This blog is part 7 of my series exploring Daniel Levitin’s “The World in Six Songs: How the Musical Brain Created Human Nature”. I would highly recommend you start at the beginning of 7-part blog series of Levitin’s book to fully appreciate his writing. I would also highly recommend following Daniel Levitin to continue learning from this musician and neuroscientist.
For those new to my blog, I use book chapters from each book I read as my blog prompts!
Chapter Seven: Love or “Bring ‘Em All In”
I am unfamiliar with this Waterboys’ song Levitin chose for this chapter, but it is obvious by his description this is one of his favorites:
- [it] is to my ears among the most perfect love songs ever written. It is the yearning of one human to feel at one with the world, to embrace all that is contained in it. It is a love song to all of us, to the good and the bad, to the great and the small.
Levitin does three things with his final chapter. He, of course, talks about love’s lessons, but he also talks about the connection of the love song with brain and social structures. Finally, he provides the perfect close to the book with a quick review of all the “six songs”.
What is Love?
Levitin tells his readers, love song lyrics tell us love is good, and love is bad; love is a drug, and love is death to loneliness. Is it any surprise that lyrics of love top the pop music charts? Romantic love is the first most common theme, followed closely by the end of love.
Is it too abstract to say love can be good or bad? Before I wrote this blog I decided to create a “love” playlist from my existing music, and I listened to almost all of them before I finished:
- Found myself today singing out loud your name. You said I’m crazy. If I am, I’m crazy for you. Sometimes sitting in the dark, wishing you were here turns me crazy, but it’s you who makes me lose my head. (performed by Adele)
- She’s left me no chance at redemption, no further exemption – Just a big red “Goodbye” in lipstick on the wall. Goodbye says it all. (performed by Blackhawk)
- Baby I believe in you and everything you do. Every time we kiss, it always feel like this. (performed by New Kids on the Block)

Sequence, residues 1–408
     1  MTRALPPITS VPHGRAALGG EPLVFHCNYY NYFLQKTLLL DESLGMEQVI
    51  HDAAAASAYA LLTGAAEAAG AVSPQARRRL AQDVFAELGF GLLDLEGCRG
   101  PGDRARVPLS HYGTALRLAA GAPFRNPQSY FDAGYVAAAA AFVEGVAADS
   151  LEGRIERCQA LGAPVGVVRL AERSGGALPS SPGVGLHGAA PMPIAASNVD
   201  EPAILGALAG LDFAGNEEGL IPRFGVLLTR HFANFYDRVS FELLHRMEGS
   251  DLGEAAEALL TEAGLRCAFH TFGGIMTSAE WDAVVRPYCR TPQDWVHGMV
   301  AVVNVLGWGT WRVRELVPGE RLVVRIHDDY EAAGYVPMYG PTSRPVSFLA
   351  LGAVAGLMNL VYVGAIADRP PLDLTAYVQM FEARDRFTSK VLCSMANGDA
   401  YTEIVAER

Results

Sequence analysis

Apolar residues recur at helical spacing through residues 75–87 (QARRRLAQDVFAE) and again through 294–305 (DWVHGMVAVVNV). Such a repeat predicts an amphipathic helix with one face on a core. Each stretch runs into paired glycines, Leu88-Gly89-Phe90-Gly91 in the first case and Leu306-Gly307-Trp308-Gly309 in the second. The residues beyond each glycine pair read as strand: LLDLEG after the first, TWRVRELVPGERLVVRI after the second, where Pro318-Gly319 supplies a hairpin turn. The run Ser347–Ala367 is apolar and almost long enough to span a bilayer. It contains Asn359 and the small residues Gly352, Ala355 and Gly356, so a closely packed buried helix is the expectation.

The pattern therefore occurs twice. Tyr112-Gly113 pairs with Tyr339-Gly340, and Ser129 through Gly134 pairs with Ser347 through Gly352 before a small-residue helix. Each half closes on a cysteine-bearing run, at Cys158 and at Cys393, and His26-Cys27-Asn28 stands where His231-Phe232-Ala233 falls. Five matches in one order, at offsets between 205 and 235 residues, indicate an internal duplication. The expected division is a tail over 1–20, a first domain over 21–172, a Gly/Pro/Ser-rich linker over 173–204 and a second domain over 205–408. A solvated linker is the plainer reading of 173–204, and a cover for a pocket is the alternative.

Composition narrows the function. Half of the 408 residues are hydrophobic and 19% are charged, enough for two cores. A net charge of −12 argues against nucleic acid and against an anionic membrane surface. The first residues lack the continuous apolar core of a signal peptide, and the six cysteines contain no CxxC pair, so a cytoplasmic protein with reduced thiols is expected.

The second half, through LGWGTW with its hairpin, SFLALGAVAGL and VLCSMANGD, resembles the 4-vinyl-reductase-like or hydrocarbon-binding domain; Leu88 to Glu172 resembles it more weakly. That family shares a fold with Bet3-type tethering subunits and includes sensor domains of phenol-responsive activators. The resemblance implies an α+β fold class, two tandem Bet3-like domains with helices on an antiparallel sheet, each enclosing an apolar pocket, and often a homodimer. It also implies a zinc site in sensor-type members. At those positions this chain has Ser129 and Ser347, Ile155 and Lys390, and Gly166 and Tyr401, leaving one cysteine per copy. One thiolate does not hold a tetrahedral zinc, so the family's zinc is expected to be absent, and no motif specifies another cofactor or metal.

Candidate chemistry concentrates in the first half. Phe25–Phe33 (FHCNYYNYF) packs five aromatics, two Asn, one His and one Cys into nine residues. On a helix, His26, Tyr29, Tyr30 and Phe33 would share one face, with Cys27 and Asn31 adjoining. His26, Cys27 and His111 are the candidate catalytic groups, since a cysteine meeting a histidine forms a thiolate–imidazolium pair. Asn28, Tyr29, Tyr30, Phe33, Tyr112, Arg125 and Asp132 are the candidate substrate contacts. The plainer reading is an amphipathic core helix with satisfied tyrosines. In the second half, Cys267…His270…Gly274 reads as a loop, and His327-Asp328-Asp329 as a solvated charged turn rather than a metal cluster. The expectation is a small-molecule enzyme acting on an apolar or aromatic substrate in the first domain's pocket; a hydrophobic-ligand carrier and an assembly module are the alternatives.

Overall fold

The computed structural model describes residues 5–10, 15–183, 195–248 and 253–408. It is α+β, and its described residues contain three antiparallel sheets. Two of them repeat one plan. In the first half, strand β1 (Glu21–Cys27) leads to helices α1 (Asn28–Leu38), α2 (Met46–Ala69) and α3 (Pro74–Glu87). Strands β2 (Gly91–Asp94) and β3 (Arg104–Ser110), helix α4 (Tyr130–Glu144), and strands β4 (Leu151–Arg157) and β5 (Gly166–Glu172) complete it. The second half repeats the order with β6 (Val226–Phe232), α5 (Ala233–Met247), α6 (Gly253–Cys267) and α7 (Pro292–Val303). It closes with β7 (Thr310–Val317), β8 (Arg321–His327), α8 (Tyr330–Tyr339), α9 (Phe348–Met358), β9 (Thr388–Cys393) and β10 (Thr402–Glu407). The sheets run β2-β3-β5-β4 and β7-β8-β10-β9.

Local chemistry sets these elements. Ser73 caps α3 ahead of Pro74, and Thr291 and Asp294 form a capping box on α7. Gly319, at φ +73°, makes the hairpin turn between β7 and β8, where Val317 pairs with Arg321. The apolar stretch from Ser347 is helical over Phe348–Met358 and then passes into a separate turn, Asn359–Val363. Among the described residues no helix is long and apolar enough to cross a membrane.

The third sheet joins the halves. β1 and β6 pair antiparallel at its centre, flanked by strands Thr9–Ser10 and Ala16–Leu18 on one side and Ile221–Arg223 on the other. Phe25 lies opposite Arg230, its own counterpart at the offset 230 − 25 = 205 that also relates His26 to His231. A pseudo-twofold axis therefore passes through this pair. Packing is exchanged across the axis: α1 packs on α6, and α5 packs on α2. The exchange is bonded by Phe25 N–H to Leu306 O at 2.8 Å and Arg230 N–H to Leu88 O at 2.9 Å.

- Here’s an open invitation to a perfect place. If you need some time to think, shelter from the rain, I’ve got just the spot for you. Welcome to my heart! I promise to take care of you. (performed by Bell Biv Devoe)
- Your body is my favorite magazine, and your face is my favorite book. It ain’t the way that you rock your hair. It ain’t the stylish clothes you wear. It ain’t the clearness of your tone when you’re talking on the phone. It ain’t the way you say my name or how you look in your lingerie because if I took it all away, it still would be the same because you’re so naturally sexy. (performed by L*A*W
- Guess what, I’m having more fun, and now that we’re done, I’m gonna show you tonight, I’m alright. I’m just fine. And you’re a tool so, so what! I am a rockstar. I got my rock moves, and I don’t want you tonight. (performed by P!nk)
- I can’t stop thinking about you, girl. I’ll keep hoping that you’ll hear these words. I can’t stop thinking. You’re in my mind; a picture of your face is left to remind. (performed by Danny Wood)
- And that makes two of us. We are birds of feather. True love brings together a precious few of us. (performed by Raffanelli & Selby)
- I just want to lay next to you for awhile. You look so beautiful tonight. Your eyes are so lovely. Your mouth is so sweet. (performed by Michael Jackson)
- There she goes, so beautiful, so fine from head to her toes. When she talks, it’s just like when wind blows. When she smiles, the whole world knows, and I just wanna be in her world. (performed by Greg Double)
- If love is so damn hard, then tell me why we stay and give ourselves as fools not knowing what’s at stake? We offer up some empty words like we know what it takes. (performed by Joey Mcintyre)
The songs’ similarities with metaphors and similes show that it’s not too abstract to call love good or bad. Levitin describes love songs as having a lot of sappy lyrics, but beautiful harmonies. Perhaps this is the reason why love songs become so memorable and sentimental: of all the “types” of music that exemplify human nature, love songs are the only ones that couples choose as their song.
Immediately upon reading about love being an addictive drug, I thought of “Poison”, “Bad Medicine”, and “I Need You”.
Love Songs’ Place in Society and the Brain
Love songs are important not only because they articulate feelings and teach us life lessons, but also because they are necessary for social structure. Levitin explains,
- .. monogamy … requires that we establish bonds and feelings of intense attachment; love and its neurological correlates can be seen as the evolutionary adaptation that makes these long-term bonds possible. Once the adult male-female love mechanism is in place, it can be easily adapted for parent-child love.
Why is music so representative of our human nature? Levitin explains whether it be knowledge, joy, comfort, friendship, religion, or love – it is the pre-frontal cortex that controls our understanding and perhaps appreciation of music. With this structure being one of the largest in the brain, it also affects our ability to be social.
You’ve heard of books being called timeless, right? I think this book would fit into that category.Each chapter provides an opportunity for further research, provides a guideline for instruction, and could be used as an opening for discussion. Levitin chose his songs, in my opinion, that were his favorites; but the song titles could be changed (respective of the aspect of human nature) depending on the audience, without changing the message of each chapter.
For me, I intend to take a closer look at Levitin’s chapter on knowledge as an inspiration for my new dissertation topic.